- Wait for the Department of Education to process the FAFSA form. Students must be admitted to Lipscomb before we can process FAFSA information.
- Accept the awarded Direct Federal Stafford loans via the Lipscomb Student Portal. Supporting documentation, including an online MPN and online entrance counseling, are also required and can be completed at studentaid.gov The FAFSA must be filed annually.
- Loans are disbursed 30 days after the start of the semester or after a student has begun his or her sixth hour, whichever comes later.
The student loan process and FAFSA filing take time, so please complete these documents and submit them at least four weeks prior to the start of the semester in which you are enrolled.
The official form of communication is a student’s Lipscomb email address.
Please contact the financial aid office at 615.966.1791 for information concerning renewal requirements, duration requirements, loan funds and other related matters.
Direct Federal Stafford student loans, Direct Federal Graduate PLUS and private student loans are available to apply toward tuition. The student may contact the Financial Aid Office for application information or go online to www.lipscomb.edu/financialaid. The FAFSA must be filed in order to qualify for the Direct Federal Stafford loan and Graduate PLUS loan programs.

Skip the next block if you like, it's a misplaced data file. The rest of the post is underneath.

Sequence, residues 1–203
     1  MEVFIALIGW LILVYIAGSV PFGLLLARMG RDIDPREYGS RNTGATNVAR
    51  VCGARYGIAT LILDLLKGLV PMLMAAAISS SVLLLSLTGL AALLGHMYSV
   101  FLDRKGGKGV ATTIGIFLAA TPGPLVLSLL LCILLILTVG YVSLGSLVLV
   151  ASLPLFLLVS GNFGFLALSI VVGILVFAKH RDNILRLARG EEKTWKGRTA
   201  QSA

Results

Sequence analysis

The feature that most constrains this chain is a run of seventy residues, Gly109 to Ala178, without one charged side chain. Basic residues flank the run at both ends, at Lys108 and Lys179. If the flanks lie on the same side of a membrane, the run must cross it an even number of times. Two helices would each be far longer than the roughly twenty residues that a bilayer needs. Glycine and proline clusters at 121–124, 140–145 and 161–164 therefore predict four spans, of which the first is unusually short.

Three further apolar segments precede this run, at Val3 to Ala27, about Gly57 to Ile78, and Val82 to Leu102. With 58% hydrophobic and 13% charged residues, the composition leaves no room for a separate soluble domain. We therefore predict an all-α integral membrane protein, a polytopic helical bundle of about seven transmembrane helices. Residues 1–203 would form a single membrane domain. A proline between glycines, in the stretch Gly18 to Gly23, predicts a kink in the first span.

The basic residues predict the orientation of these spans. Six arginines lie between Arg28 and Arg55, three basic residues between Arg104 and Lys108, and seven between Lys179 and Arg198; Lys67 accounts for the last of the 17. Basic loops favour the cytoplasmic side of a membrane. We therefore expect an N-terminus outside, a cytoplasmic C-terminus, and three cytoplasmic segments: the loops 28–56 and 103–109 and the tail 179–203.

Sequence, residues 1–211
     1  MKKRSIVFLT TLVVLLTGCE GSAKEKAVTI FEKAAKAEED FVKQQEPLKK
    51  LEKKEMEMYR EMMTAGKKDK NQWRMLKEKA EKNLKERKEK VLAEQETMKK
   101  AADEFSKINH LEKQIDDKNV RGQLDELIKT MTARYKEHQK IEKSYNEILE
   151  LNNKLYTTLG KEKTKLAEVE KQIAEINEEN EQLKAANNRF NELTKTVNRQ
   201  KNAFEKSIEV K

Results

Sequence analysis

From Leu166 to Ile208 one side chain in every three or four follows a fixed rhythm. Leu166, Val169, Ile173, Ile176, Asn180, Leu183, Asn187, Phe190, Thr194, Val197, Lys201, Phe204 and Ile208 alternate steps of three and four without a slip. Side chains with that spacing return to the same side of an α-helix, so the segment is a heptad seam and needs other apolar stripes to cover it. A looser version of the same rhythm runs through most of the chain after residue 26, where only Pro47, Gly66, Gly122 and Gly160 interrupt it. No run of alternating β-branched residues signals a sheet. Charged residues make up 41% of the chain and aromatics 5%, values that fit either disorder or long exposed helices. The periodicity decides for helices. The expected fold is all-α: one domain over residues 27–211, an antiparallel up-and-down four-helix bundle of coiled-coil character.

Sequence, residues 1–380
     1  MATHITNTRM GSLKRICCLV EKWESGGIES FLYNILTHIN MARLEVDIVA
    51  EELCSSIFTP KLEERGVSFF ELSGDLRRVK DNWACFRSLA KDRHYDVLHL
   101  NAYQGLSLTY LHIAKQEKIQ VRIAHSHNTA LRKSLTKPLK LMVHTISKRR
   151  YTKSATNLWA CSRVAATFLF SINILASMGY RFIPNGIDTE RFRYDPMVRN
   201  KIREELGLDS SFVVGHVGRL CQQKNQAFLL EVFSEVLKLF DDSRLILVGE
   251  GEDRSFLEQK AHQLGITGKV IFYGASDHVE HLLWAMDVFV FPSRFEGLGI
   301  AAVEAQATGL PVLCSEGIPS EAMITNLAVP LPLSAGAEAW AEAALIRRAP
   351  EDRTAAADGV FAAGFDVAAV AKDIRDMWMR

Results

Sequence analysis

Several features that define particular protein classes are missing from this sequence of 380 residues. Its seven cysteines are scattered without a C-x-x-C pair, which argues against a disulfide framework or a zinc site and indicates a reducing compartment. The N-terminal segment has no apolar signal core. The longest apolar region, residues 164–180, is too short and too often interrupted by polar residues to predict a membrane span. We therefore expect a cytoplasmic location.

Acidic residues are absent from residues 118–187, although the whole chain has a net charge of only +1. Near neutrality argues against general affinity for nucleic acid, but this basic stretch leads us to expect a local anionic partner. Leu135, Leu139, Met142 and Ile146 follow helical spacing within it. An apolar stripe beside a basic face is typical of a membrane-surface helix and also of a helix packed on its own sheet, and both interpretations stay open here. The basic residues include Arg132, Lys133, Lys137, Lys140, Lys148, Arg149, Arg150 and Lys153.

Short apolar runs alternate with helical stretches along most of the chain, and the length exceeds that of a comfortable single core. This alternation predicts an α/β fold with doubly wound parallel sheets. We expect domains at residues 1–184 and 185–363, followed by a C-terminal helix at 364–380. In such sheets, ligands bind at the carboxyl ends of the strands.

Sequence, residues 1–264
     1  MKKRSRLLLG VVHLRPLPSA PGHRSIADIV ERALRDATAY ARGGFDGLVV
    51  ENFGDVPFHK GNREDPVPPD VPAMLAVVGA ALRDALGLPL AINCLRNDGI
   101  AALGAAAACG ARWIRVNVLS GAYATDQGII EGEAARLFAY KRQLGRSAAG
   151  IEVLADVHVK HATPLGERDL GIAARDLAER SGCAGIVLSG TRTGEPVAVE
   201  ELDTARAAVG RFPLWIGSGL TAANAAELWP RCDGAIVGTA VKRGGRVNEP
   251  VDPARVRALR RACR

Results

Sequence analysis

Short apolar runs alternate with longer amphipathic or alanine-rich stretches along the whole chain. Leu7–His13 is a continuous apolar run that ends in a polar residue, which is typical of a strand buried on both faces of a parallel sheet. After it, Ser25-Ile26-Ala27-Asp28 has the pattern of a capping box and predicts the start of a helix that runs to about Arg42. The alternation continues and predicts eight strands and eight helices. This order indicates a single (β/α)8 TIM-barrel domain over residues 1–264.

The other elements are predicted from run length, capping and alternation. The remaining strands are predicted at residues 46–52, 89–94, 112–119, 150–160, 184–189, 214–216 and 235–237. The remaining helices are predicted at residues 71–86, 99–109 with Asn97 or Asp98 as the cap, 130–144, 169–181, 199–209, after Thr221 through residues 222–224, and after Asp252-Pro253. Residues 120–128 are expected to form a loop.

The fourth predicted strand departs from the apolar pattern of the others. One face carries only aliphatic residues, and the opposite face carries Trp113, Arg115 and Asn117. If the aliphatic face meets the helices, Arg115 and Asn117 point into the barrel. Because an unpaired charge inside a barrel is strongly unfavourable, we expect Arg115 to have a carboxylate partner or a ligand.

Previous student loans are eligible for in-school deferment with a minimum of six hours per semester. Enrollment status is verified by the Registrar’s Office.
Veterans Aid/Yellow Ribbon Program
Graduate degree programs at Lipscomb University are approved for the training of veterans and eligible persons under laws administered by the U.S. Department of Veterans Affairs.
Through an agreement with the United States Department of Veteran Affairs, Lipscomb University will guarantee some level of graduate tuition funding, applicable to all Lipscomb University graduate programs, for graduate students who qualify for the Yellow Ribbon Program. Depending on program tuition rates, the graduate tuition funding may or may not cover the total tuition cost of the program.
The Yellow Ribbon Education Enhancement Program (Yellow Ribbon Program) is a provision of the Post- 9/11 Veterans Educational Assistance Act of 2008. This program allows institutions of higher learning (degree-granting institutions) in the United States to voluntarily enter into an agreement with VA to fund tuition expenses. For eligibility requirements, go to www.benefits.va.gov/gibill/.